WMRA News

Emily Richardson-Lorente

HPV infections are leading to an increasing number of cancers in both men and women. There’s a vaccine that can address that, but most people in Virginia aren’t getting it. In fact, compliance rates for HPV vaccination are so low here and throughout the U.S., that the National Cancer Institute-designated Cancer Centers call it “a serious public health threat.” WMRA’s Emily Richardson-Lorente has the story.

Jessie Knadler

A Church in Staunton was the site of the 7th Annual Virginia Liars Contest‑--yes, a liars’ contest at a church – over the weekend, where weavers of whoppers had eight minutes to spin fantastical fibs for a crowd. The best whopper won $100, a golden shovel and a bag of manure. WMRA's Jessie Knadler was there to take in the tall tales and learn more about the fine art of storytelling.

Jessie Knadler

Two brothers from Venezuela bring a staple food item from their native country, arepas, to rural Virginians from the window of their beat-up food truck. WMRA’s Jessie Knadler caught up with the brothers to find out what it’s like being immigrants hustling for the American dream in the age of Trump.

Charlottesville City Council voted 3-2 on Monday to sell to the highest bidder the Robert E. Lee statue that has been the subject of so much controversy.  In February, Council had voted by the same margin to remove the monument from Lee Park – a controversial vote that spurred a lawsuit against the City Council, limiting its action for now.  WMRA’s Marguerite Gallorini reports.

Marguerite Gallorini

It’s billed as a week of innovation and art, with Charlottesville itself as the canvas.  The sixth annual Tom Tom Founders Festival is happening this week in Charlottesville. WMRA’s Marguerite Gallorini has the story.

NPR reported last week that President Trump’s travel ban is having a “chilling effect” on international student enrollment at universities across the country. In Harrisonburg, that’s also true when it comes to potential participants in peacebuilding coursework. WMRA’s Christopher Clymer Kurtz reports.

Courtesy Fringe Festival

Staunton is known for its eclectic art scene and nowhere is that captured better than at the two day Shenandoah Fringe Festival that kicks off this weekend in the Queen City.  So-called “Fringeketeers” showcase their work in a demonstration of the town’s artistic muscle.  WMRA’s Jessie Knadler caught up with the festival’s “Grand High Poobah” Carmel Clavin for a preview.

Sing Off!

Apr 6, 2017
Courtesy of Exit 245

Remember that 2012 Anna Kendrick movie, Pitch Perfect, about a capella singing groups facing off? This weekend in Harrisonburg, you can listen and watch in real life as 10 local community and university groups sing to win -- all for a good cause. WMRA’s Christopher Clymer Kurtz reports.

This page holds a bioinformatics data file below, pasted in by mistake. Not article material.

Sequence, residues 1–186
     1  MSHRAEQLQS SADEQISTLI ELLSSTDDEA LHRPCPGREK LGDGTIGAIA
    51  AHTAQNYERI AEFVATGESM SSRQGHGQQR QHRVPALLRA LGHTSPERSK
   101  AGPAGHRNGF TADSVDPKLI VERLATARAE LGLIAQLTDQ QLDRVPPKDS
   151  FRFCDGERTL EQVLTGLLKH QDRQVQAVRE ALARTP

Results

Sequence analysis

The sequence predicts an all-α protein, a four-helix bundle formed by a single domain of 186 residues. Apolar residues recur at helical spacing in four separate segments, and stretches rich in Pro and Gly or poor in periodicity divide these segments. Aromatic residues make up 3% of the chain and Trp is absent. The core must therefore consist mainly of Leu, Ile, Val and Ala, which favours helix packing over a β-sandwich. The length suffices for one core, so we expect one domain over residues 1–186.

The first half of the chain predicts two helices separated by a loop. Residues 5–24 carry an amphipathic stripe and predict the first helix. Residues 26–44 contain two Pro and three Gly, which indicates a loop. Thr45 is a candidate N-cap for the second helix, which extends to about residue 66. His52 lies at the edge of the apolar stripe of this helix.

Christopher Clymer Kurtz

It’s not so much a statement about the health care system, or a model for how it should be fixed. Instead, it’s more like a doctor just arrived at his own approach, sidestepping convention and filling a niche. WMRA’s Christopher Clymer Kurtz visited the clinic of one general practitioner working outside the health insurance system.

Christopher Clymer Kurtz

Tuesday marked 50 years since Martin Luther King Jr. gave what is considered his “most controversial speech” -- against the war in Vietnam. WMRA’s Christopher Clymer Kurtz reports how some in Harrisonburg yesterday honored that message.

Courtesy of Sam Droege, a scientist with the U.S. Geological Survey.

Several bee species are becoming conservation concerns, with populations declining across the country. Some scientists have been setting bee traps from Charlottesville to northern Virginia to find where they are and why they're dying out.  WMRA’s Miranda Bennett joins the search for one species, the 'rusty patched' bumblebee.

Are elections rigged? That’s the question before the courts in recent cases about gerrymandering, the process of carving up district lines for political advantage. Last week, a Richmond Circuit Court judge ruled against a group challenging eleven of Virginia's districts for disenfranchising black voters, and favoring Republicans.  Another case on the issue is still pending.  WMRA’s Jessie Knadler talked to redistricting reform proponents who are also trying to find a solution by working with state lawmakers.

On April 11, 2017 at 7pm, at Pale Fire Brewing Co. in Harrisonburg, our Books & Brews series featured author, and Pulitzer Prize winning journalist, Glenn Frankel discussing the House Committee on Un-American Activities hearings in the early 1950's, the Hollywood Blacklist, and the making of the film High Noon. 

The evening was co-sponsored by the Massanutten Regional Library.

Courtesy of Laura Katzman

An exhibition centering on the artwork of Ben Shahn has attracted a stream of visitors to James Madison University.  Shahn advocated for the downtrodden from the 1930s through the 1960s. WMRA’s Bonnie Barrineau reports.

Jana Asenbrennerova/Courtesy of MCC